A lot of people think that genetics is what determines life expectancy. However, the role played by genes is smaller than the common belief.
Environmental factors, such as diet and lifestyle turned out to be the key.
We observed that longevity seems to be the trendy health word these days, and for important reasons.
Australians are particularly obsessed with keeping being a youth, but it is usually the villagers living in rural parts of the world that seem to be having great health and live longer and over a hundred years of age.
About two generations ago, the idea of being alive for over 90 years was not possible. We are now able to survive many popular sicknesses and diseases that were once fatal with the help of developments in modern medicine, but our lifestyle is what makes the difference.
If you think longevity is not on your side because your grandparents were young when they died, don’t conclude yet.
As discovered by the Danish Twin Study, genetics only determines 20 percent of life expectancy. The remaining 80% is determined by environment and lifestyle; things you can control.
For several thousands of years, people have endeavored to access the secret to living a long life. It is revealed by research and we have summarized it with 15 tips you can use to live a longer life and feel better.
What is Life Expectancy in Australia?
Older people used to be scarce, featuring in the news as the congratulatory letter written to them from the Queen is being read. In 1975, there were around 120 in Australia.
However, more people keep living longer. ABS figures reveal that another 600 Australians celebrated their 100th birthdays in the first year of 2016, moving the number of centenarians up to 4,870. Three-quarters of the overall were women.
The latest projection shows that they will be 41,100 of them by the year 2050. A new study of the Australian National University shows that Australian men are now living longer than men in any other country, with a median life expectancy of 74.1 (compared to 71.57 in the U.S.).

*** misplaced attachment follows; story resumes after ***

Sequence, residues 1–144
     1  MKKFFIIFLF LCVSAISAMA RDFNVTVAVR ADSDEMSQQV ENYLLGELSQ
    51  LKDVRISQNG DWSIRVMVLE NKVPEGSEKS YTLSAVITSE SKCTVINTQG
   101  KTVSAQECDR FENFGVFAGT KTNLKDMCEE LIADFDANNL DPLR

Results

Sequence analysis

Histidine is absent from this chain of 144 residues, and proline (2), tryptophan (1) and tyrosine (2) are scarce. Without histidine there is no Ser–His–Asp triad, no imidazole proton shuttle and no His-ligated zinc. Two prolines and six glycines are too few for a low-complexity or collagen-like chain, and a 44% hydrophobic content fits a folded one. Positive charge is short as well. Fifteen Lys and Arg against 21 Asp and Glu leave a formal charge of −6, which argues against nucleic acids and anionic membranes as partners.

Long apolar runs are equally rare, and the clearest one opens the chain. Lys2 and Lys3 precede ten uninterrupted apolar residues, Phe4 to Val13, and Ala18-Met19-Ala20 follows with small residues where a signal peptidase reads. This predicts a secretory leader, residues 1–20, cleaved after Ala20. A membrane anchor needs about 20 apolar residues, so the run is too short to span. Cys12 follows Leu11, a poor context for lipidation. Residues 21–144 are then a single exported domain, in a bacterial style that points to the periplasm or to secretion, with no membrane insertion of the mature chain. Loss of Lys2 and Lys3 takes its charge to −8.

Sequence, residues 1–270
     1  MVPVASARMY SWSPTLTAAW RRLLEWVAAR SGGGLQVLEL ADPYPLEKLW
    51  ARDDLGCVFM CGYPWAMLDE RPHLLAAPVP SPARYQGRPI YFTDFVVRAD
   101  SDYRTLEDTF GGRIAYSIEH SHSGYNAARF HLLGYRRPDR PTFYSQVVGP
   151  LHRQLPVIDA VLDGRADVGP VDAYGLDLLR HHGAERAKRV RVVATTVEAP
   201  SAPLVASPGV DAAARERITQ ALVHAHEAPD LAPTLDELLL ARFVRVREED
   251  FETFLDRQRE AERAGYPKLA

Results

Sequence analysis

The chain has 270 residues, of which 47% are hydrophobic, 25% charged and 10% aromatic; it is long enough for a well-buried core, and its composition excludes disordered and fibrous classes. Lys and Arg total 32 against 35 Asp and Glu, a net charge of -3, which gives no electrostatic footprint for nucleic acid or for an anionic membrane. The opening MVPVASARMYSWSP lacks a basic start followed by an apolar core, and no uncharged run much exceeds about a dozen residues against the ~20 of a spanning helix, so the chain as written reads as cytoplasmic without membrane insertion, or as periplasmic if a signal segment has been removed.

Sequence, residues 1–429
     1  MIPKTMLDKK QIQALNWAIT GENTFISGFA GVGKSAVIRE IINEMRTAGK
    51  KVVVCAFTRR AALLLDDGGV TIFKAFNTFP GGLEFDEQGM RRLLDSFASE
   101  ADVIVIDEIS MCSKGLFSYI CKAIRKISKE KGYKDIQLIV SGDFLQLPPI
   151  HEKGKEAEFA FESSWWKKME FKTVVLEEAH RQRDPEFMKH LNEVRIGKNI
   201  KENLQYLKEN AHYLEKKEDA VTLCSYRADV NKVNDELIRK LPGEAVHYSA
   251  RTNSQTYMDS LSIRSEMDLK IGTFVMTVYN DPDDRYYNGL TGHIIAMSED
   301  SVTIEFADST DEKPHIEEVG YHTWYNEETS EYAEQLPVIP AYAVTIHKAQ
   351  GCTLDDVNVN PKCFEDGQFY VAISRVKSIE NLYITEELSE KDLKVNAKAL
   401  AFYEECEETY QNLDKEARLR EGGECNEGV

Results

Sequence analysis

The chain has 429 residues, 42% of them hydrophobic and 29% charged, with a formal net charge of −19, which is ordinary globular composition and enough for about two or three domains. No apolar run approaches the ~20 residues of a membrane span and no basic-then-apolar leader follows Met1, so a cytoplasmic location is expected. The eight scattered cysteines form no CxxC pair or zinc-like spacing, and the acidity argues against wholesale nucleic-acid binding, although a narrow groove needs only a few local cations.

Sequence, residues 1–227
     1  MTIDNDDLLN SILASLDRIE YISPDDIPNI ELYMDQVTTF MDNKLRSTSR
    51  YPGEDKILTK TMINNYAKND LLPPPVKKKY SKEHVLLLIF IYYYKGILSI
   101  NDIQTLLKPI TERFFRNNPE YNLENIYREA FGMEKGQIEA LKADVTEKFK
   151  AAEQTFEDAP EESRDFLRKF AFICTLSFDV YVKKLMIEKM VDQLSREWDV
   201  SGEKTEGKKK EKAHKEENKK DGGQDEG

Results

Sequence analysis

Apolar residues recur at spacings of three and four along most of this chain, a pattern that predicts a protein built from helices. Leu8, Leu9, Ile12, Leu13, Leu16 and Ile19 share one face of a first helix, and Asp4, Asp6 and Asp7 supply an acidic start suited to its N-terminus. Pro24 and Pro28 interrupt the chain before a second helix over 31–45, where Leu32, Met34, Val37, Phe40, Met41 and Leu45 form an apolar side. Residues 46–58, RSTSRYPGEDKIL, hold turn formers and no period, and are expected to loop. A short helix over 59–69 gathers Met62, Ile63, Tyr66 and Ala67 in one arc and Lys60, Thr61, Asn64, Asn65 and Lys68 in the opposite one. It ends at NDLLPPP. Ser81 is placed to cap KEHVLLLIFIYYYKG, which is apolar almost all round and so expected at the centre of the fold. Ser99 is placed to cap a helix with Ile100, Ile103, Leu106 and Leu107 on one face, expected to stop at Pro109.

The Guinness World Record for the most populated gathering of centenarians was broken when an attendance of 45 centenarians was recorded in Brisbane at a lunch hosted by Queensland Premier Anastasia Palaszczuk.
The longest life expectancy is found in Japan (87.1 years for women and 81.1 for men), higher than any country in the world. The country has been at the top rank since 1980 but their ranking in 1980 was 35 then 10 in 1970.
The longevity of the Japanese is linked to their diet, great Body Mass Index (BMI), and just small amounts of alcohol taken by women above the age of 50.
Australia is 6th on the rank with the life expectancy of women at 84.87 and men at 81.0 years. Australian men between the ages of 40 and 45 hold the 1st global ranking while women rank 6th or 7th.
Coronary heart disease is the major cause of death in Australia. There are Blue Zones (communities) around the globe where the most proportion of residents attained 100 years of age.
Studies were conducted on five regions in Greece, California, Sardinia, Japan, and Costa Rica to discover 9 popular denominators that may be the key to living longer. These studies have revealed that longevity is based on popular lifestyle factors, such as exercise, diet, body weight, social life, and staying away from risk factors like smoking and alcohol.
Our Tips for Longevity
Increasing life expectancy may not be a possibility unless you also work on improving your lifestyle quality and health. No one wants to just elongate their life without keeping quality of life.
It was revealed by research that below highly healthy lifestyle habits can improve both the quantity and quality of life. So, what are the things to do to live longer?
Below are 15 secrets to long life:
- Keep a Healthy Body Weight
Healthy living can be based on body weight and Body Mass Index (BMI). There is more pressure on the organs of the body with each kilo of additional weight. BMI, according to the World Health Organization, should not exceed the range of 18.5 t0 24.9 kg m-2 for improved health. The standard categories for BMI include 18.5 to 24.9 for normal weight, 25 to 29.9 for overweight, and over 30 for obesity.
WHO revealed that the average BMI in men and women has risen between 1975 and 2016. 29 percent of adults were obese in Australia in 2016, with a Body Mass Index (BMI) greater than 30. A BMI in the categories of overweight and obese is prone to causing type-2 diabetes, hypertension, cardiovascular disease, cholelithiasis, and other severe diseases in men and women.
Lean and physically active people are less susceptible to severe disease and mortality. However, being lean is not the goal; it is the inclusion of physical activities that ensures protection.
- Avoid Overeating
Currently, there is more interest in the connection between calorie intake and longevity. As suggested by animal studies, a 10 to 50% reduction in the normal intake of calories may increase longevity. Studies of the human populations are widely known for longevity as well as research connections between calorie intake, longevity, and a less possibility of disease.